They say that we can understand our mothers only when we become mothers.
I’m not so sure this saying is completely true. Some time ago I read the book “Una madre lo sa” by Concita De Gregorio, in which, among other things, she tells the different types of mother.
“The others decide what a “good mother” is. The choir. Those who always know what is to be done and what is not. What is right, wise, useful. Those who say “it is nature, so it must be”: you must be patient, follow the rhythms, feel tenderness, dedicate yourself. If you feel yourself sinking, it’s because you are inadequate. If the children do not come, you must resign: do not persevere, do not insist. They say you were not made to be a mother. If you didn’t want them there must be something wrong with you. If you don’t have anyone who wants to have kid with you, it’s because you didn’t find him, you were too demanding, maybe too anxious. How can you want kids if you prefer working. If you get tired you’re depressed, if it drives you crazy you’re a monster … A bad mother. “
Luckily the life, the real one, comes to our aid by finding a place for all things. The stories I read in “A Mother Knows It” speak of these real, real lives and how many different ways there are to be a mother or, why not, not to be a mother. Of how many shadows the perfect love is full, that love between mothers and children, and how many unexpected resources. How many roads exist to welcome what comes, what is there.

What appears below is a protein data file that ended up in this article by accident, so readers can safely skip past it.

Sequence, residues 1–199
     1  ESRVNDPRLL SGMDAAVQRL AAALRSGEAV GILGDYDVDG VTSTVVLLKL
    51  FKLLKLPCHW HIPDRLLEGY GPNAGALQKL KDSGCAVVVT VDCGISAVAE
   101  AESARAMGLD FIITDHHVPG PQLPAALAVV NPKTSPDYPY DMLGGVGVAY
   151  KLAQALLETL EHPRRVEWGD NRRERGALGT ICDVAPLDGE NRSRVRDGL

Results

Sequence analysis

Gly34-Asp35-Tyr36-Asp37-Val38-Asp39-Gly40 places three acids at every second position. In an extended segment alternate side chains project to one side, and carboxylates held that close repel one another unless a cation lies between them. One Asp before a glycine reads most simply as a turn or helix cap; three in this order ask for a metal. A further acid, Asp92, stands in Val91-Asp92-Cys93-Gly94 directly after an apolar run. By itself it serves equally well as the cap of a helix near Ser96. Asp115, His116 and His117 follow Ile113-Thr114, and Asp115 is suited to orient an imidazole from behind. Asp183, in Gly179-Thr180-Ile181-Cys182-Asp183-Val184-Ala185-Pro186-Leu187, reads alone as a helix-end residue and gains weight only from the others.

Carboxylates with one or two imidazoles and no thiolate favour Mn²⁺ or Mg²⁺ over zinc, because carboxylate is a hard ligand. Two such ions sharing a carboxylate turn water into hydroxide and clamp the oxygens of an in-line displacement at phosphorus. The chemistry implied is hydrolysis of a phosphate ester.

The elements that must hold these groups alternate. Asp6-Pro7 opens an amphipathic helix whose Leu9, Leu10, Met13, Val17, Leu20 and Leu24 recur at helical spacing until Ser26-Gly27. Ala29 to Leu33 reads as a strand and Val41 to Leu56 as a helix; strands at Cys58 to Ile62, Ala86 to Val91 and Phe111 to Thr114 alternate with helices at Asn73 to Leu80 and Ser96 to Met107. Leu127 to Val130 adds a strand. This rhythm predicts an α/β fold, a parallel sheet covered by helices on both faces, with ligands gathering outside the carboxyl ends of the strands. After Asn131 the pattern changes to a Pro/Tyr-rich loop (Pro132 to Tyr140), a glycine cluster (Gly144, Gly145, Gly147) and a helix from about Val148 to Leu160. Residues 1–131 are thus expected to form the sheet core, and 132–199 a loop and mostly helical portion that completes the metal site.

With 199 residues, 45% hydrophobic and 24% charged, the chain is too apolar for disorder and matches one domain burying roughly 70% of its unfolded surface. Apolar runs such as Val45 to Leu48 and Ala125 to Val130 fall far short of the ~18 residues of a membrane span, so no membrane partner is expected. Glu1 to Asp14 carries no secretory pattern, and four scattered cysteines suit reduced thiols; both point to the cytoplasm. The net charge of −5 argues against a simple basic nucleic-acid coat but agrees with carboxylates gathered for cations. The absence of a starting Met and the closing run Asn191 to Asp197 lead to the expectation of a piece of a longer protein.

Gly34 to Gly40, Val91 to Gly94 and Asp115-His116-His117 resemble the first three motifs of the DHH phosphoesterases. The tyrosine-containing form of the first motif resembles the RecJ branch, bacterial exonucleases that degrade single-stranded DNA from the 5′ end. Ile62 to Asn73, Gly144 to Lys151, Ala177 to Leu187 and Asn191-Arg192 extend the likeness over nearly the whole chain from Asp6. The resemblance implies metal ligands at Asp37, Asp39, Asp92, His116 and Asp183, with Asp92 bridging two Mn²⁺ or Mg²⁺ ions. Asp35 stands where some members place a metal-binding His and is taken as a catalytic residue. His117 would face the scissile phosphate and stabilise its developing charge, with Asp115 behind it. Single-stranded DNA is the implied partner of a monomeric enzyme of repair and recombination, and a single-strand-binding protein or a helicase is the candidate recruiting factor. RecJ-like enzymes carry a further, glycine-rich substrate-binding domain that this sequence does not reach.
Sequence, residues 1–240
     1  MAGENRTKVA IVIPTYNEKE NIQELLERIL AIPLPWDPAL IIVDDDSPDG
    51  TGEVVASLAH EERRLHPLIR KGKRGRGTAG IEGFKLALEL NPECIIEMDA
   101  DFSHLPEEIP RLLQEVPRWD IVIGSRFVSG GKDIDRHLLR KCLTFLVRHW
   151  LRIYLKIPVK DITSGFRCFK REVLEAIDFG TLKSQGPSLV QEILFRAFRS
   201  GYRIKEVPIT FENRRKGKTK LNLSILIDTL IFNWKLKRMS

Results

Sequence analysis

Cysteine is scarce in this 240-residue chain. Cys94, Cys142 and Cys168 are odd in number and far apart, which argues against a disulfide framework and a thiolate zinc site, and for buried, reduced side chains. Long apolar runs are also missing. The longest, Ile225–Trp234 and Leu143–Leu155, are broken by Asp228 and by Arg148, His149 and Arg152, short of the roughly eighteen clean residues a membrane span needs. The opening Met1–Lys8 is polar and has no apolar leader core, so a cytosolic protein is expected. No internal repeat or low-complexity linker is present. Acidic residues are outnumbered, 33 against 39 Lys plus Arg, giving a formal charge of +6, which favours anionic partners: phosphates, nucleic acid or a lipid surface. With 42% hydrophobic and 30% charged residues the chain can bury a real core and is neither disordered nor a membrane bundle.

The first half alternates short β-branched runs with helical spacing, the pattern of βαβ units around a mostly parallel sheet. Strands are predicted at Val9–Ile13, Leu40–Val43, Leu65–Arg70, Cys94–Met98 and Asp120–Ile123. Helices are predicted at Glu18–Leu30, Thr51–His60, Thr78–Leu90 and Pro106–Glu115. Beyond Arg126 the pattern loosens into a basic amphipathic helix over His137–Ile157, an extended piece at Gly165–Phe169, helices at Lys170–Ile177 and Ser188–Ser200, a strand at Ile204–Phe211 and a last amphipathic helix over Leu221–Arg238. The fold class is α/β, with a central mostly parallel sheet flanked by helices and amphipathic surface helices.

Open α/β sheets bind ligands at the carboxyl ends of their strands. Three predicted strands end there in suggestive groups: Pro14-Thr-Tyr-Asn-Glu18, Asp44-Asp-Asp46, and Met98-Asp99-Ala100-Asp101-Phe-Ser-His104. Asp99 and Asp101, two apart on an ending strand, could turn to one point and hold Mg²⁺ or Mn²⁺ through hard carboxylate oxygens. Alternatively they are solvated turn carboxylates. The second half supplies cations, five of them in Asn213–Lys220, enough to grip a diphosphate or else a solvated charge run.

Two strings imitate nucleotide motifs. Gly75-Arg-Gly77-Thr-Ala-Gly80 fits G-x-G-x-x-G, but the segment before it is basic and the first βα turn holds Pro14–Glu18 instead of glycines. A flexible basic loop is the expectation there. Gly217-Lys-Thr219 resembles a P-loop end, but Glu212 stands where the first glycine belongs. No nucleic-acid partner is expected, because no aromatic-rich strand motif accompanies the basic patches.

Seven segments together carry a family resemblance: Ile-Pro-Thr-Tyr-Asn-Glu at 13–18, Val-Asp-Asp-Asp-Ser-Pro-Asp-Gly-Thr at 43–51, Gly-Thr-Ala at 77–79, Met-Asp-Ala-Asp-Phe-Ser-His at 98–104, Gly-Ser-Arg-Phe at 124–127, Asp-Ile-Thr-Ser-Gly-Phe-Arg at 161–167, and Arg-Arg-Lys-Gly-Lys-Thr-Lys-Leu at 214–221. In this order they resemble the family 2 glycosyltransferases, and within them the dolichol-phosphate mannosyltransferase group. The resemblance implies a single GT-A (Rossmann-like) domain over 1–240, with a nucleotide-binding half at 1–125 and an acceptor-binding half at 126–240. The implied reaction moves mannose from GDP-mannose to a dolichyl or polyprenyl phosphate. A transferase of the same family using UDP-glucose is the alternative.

Receiving “permission” to feel like a mother even though I have never given birth has given me a strength and an energy that still sweeps me away.
The fact that I never gave birth cannot stop me from understanding a mother’s joy at hearing her son’s first word, understanding the anxiety and pain they feel when their children are in pain or crying.
Of course, maybe the echo of those feelings will never be as intense as those of a mother, but I will always be able to hear them, the feelings like shock waves are coming to me strong and clear.
To this regard, a few days ago I was talking to a “tummy mother” (those that carried and gave birth) who told me how a few years ago, when I was at the beginning of this activity as a family documentary photographer, she had many reservations if not skepticism about my ability to reflect in photography all that range of feelings that “only” mothers feel. But she confessed to me that seeing my photos she had to change her mind because today she can see and feel in my images that affection and those genuine emotions that “real” mothers feel.
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